Using ESLint with VSCode, Vetur and Prettier for Vue.js Development

When new’ing up a Vue project using the Vue CLI, it gives you the option of getting some JavaScript linting with the help of ESLint. However, you may soon find yourself fighting with all the different tools involved – ESLint, VSCode, Vetur and Prettier extensions as this mix could create some conflicts.

What’s ESLint?

ESLint falls into the category of Static Code Analysis. Similar to what I said about EditorConfig in my previous post, ESLint helps your team achieve a consistent style in your JavaScript code. But linting does much more than just unifying styles (formatting)… its primary focus is on bringing attention to code that can cause potential problems.

Take a look at the for loops in the block below:

// Infinite loop
for (var i = 0; i < 10; i--) {

// Infinite loop
for (var i = 10; i >= 0; i++) {

// Unreachable code
for (var i = 0; i > 10; i++) {

While the loops above don’t have any syntactical errors and are perfectly valid JavaScript code blocks, they are clearly issues as they’ll cause infinite loops or prevent code from ever executing due to an incorrectly specified condition. ESLint will flag these issues during development time, helping you to fix the issue prior to the bad code ever leaving your machine. There are several other rules such as this that ESLint brings providing a safety net for your codebase.

How Do I Use It for Vue.js Development?

When you initialize a new project using the Vue CLI, either through manually selecting the features or by going with a default option, the tool will plug in ESLint into your project.

Vue CLI providing various ESLint options for you to choose from

If you take a look at your package.jsonfile for the different script commands that are available, you’ll notice that it also wired up a lint command that you can execute from the command-line.

linit command in package.json

You can certainly run this command from your terminal and it will run ESLint for you and provide you with feedback:

eslint displaying linting errors in the console.

However, you can take this a step further. To get all the ESLint goodness integrated into VSCode, you should download and install the ESLint extension.

ESLint extension page on VSCode marketplace

With this extension enabled, you can see the linting errors directly in the code editor without you manually having to run linting.

VSCode displaying linting errors directly in the code editor with the ESLint extension

ESLint also provides an extension model that allows developers and frameworks to augment its own linting rules with additional rules that may be specific to a framework or library. Vue provides a collection of ESLint plugins and also wires one up in your application by default called “plugin:vue/essential” which you can see in the package.json file or the standalone .eslintrc file depending on the options you selected while creating your Vue application.

Vue's ESLint plugin specified in package.json

You can check out the rules that make up this plugin along with all the other rules and plugins that Vue provides by checking out the eslint-plugin-vue repo in the vuejs org on GitHub.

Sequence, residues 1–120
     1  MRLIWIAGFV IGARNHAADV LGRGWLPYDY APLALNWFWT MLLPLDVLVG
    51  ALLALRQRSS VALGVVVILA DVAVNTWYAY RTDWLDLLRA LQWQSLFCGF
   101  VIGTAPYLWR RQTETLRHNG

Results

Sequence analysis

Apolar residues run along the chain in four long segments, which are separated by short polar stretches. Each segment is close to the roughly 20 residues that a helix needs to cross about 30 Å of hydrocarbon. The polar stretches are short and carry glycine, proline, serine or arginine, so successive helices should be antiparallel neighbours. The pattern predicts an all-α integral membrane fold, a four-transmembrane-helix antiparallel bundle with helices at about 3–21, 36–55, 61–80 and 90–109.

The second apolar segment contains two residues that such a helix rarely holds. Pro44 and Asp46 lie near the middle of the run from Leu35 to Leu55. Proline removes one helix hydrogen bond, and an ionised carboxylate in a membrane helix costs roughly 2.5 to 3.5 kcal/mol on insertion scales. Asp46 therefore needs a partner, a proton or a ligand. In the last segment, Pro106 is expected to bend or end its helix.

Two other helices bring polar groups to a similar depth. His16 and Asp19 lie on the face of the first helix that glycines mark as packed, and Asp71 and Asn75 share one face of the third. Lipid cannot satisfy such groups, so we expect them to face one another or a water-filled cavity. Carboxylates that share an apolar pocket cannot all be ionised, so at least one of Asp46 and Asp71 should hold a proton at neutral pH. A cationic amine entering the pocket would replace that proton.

If you’re on Vue.js version 2.x, this is the extension that you want to install and use to get syntax highlighting, snippets and all the Vue goodness in VSCode. In addition to those, Vetur also exposes ESLinting rules specific to Vue in the VSCode editor. Vetur also works with version 3.x but the official guidance is to use the Volar plugin for v3.

Vetur extension page on Visual Studio Marketplace

Get Vetur for VSCode


While ESLint is more concerned with code quality, Prettier is concerned with code formatting. And at that, it is a very opinionated code formatter, not just for JavaScript, but for CSS, HTML, Angular, JSX and a lot of other things, mostly frontend development related. You can check it out, here.

Prettier extension page on Visual Studio Marketplace

How Can They Play Nicely?

So, that brings us to the issue at hand – how can we configure all these pieces so that they are not stepping on each other’s toes? If we are not careful, we’ll end up in a situation where ESLint is complaining about something that Prettier thought should be formatted a certain way and when we change it to make ESLint happy, when we save the file, Prettier reverts it back to what it had previously causing ESLint to be unhappy again.

We want Prettier to handle the code formatting for us and use ESLint for flagging all the code quality issues.

Now, in order to do that, the Prettier team has provided a package that we can download and install that will essentially override/remove any ESLint rules that are in the domain of code formatting and have conflicts with Prettier’s own formatting rules. You can find that package repository on GitHub, here:

GitHub – prettier/eslint-config-prettier: Turns off all rules that are unnecessary or might conflict with Prettier.

Install it from the command-line:

npm install --save-dev eslint-config-prettier

In addition to installing this npm package, you must add two rulesets to your eslint config (either in your separate .eslintrc file or within the eslint section of your package.json) under the extends section:

"extends": [

Note: The order matters. Make sure to add these to the bottom of the list so that it gets the chance to override other configurations.

Closing Remarks

Also check your VSCode settings to make sure that the default formatter is set to Vetur but at the same time, check the Vetur settings in VSCode to ensure that it is using Prettier as its formatter for formatting HTML, CSS and other types.

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